Sir Menzies Campbell's position as Lib Dem leader is "under discussion", his deputy Vincent Cable has told the BBC.
Sir Menzies has said he wants to lead the party into the next election
But Mr Cable said he did not think Sir Menzies' job was under threat, despite some in the party wanting him to go.
He urged the party not to panic over recent poor opinion polls in what was currently an "extremely febrile and volatile" political environment.
A senior Liberal Democrat has told the BBC that an announcement is expected about the leadership imminently.
There was much speculation at the party's conference last month - at a time when an autumn election was expected - about who would succeed Sir Menzies.
That speculation was welcomed by Sir Menzies as a sign there were talented "young turks" in the party.
But he insisted that he would stick to his pledge to lead the party "into the next election and beyond", telling members he was not too old at 66 to lead the party.
However, since Mr Brown all but ruled out an election until at least 2009, some Lib Dems believe they need to act to replace their leader now.
That talk appears to have been prompted by poor opinion poll results - the latest being an ICM poll in the Sunday Telegraph which suggested Conservative support at 43% with Labour on 36% and the Lib Dems on 14%.
Lib Dem peer Lord Taverne told BBC Radio 4's World at One programme that he had great respect for Sir Menzies, but he was the "wrong person for the moment" and should step down within weeks.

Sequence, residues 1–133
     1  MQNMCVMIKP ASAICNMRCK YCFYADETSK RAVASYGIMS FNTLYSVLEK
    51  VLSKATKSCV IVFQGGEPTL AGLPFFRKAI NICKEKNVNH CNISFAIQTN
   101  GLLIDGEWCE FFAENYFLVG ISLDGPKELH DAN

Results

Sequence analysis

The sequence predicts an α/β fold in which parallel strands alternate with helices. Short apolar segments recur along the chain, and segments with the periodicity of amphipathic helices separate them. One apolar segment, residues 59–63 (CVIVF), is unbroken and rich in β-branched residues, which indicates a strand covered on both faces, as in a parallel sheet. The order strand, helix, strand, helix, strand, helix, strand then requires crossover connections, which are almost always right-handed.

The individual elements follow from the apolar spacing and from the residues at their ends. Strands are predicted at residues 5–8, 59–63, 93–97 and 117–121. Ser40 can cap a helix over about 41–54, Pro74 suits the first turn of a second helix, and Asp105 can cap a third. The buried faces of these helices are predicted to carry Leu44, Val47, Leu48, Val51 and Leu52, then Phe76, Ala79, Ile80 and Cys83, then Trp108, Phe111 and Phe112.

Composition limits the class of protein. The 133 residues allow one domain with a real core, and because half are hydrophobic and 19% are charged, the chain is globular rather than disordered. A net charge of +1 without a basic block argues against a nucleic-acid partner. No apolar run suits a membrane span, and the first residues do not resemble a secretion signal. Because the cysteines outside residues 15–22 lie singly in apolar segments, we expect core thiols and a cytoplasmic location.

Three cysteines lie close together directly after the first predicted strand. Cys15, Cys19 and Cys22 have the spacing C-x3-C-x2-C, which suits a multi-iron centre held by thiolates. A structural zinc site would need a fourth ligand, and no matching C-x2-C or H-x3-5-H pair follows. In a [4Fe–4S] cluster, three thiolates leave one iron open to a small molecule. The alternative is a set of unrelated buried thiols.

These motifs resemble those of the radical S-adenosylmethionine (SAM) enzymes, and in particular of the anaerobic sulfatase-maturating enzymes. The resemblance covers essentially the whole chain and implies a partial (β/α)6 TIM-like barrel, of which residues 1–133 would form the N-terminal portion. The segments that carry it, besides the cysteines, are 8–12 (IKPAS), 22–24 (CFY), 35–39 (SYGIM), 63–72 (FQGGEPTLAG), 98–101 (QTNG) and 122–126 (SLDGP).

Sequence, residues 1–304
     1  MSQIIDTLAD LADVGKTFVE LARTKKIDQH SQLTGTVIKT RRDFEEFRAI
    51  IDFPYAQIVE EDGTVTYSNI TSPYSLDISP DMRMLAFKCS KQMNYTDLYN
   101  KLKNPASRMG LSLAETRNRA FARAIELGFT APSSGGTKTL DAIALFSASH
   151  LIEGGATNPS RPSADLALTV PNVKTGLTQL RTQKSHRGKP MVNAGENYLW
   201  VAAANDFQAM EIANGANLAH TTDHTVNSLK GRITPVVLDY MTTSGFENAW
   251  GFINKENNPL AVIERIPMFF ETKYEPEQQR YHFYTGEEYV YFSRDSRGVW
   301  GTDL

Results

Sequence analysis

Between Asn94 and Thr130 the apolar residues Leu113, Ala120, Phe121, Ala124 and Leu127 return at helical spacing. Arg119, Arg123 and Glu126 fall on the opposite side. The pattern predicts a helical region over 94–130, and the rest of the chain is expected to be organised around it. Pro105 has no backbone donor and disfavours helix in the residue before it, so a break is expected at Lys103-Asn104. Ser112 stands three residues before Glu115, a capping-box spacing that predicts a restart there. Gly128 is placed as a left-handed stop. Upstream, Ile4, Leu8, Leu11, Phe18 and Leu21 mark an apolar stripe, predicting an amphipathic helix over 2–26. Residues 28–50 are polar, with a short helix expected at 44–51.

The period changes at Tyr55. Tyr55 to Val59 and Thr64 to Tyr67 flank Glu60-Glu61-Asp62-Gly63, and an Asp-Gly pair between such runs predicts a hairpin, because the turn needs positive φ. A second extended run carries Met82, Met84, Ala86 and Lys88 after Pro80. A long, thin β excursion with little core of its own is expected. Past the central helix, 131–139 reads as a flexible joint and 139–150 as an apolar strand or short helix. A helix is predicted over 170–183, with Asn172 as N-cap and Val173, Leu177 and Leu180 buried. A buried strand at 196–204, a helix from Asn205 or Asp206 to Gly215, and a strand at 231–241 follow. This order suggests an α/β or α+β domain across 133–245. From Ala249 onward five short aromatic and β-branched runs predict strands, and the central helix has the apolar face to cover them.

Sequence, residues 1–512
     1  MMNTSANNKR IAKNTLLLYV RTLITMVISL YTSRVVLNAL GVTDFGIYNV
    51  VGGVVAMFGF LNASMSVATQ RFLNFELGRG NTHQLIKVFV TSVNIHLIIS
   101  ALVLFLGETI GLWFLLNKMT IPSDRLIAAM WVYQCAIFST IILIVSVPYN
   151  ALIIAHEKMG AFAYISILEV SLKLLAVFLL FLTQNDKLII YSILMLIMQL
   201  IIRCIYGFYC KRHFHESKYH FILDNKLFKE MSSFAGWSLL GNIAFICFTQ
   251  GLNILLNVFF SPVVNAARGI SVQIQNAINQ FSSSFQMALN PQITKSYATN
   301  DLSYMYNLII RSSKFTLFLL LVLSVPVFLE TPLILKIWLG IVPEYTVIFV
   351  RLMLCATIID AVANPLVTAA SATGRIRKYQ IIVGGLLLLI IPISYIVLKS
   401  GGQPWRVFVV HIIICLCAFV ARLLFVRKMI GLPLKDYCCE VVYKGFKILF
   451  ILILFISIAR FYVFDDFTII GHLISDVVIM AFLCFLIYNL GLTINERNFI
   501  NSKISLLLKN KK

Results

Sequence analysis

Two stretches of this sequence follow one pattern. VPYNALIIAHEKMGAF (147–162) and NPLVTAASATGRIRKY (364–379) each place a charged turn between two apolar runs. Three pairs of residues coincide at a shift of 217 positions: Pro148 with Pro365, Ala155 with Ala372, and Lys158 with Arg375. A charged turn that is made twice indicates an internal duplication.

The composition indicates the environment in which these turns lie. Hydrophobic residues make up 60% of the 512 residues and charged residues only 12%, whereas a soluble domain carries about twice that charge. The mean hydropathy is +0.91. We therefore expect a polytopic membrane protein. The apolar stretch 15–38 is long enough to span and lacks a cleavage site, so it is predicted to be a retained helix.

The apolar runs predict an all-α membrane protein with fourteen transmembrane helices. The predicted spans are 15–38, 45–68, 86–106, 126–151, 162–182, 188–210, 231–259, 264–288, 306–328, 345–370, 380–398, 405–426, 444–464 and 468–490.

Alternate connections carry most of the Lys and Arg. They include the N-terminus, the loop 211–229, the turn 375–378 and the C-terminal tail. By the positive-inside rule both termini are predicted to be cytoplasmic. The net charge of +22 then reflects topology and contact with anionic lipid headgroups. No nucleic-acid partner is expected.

'Read the runes'
"When you talk to people privately there's absolutely no doubt that the overwhelming number of peers want a change [of leader]," he said.
"I can't claim to be a representative member of the party, let's be absolutely clear about that. But my general impression is quite clear, if there's not a change of leadership, the party goes down the drain."
And Sir Chris Clarke, the party's former leader at the Local Government Association, said Sir Menzies had done a "fantastic job" as foreign affairs spokesman, but different skills were needed for the leadership.
He warned Sir Menzies: "Read the runes, go with dignity, go with the respect that you have, go back into the job you've been doing so well [on foreign affairs]."
But the party's deputy leader, Vincent Cable, told the BBC it would be "absolutely foolish" to rush into a decision about the leadership when the polls were so volatile.
Asked whether he thought Sir Menzies' post was under threat, Mr Cable said: "It's certainly under discussion. But I don't think it's under threat and I think the key point for all our activists and MPs and lords is that we shouldn't panic in what is a very volatile political environment."
He added: "I remember in the middle of our party conference, which was only a few weeks ago, our leader was being shown in some polls to be more popular than David Cameron. Brown was ruling the roost: he was the hero of the hour - he's now the 'zero'."
Sir Menzies became leader early in 2006 after the party's most electorally successful leader for 80 years, Charles Kennedy, was forced out after a rebellion by members of his front bench team.
Sir Menzies has always said he will fight the next election, with most commentators believing he will then step down shortly afterwards.
He appeared to confirm this during the Lib Dem conference by saying he was giving talented young Lib Dems the chance to show what they could do.
Among those likely contenders is Chris Huhne, one of those Sir Menzies defeated for the leadership, and Nick Clegg, who told the Lib Dem conference he wanted to succeed Sir Menzies.